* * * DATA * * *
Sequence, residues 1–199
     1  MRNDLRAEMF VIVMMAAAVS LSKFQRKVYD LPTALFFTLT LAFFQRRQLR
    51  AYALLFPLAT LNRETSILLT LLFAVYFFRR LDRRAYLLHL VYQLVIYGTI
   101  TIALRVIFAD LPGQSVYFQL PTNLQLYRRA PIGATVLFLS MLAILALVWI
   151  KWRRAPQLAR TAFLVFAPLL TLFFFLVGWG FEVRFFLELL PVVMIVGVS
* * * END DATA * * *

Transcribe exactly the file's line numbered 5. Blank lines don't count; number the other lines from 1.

   151  KWRRAPQLAR TAFLVFAPLL TLFFFLVGWG FEVRFFLELL PVVMIVGVS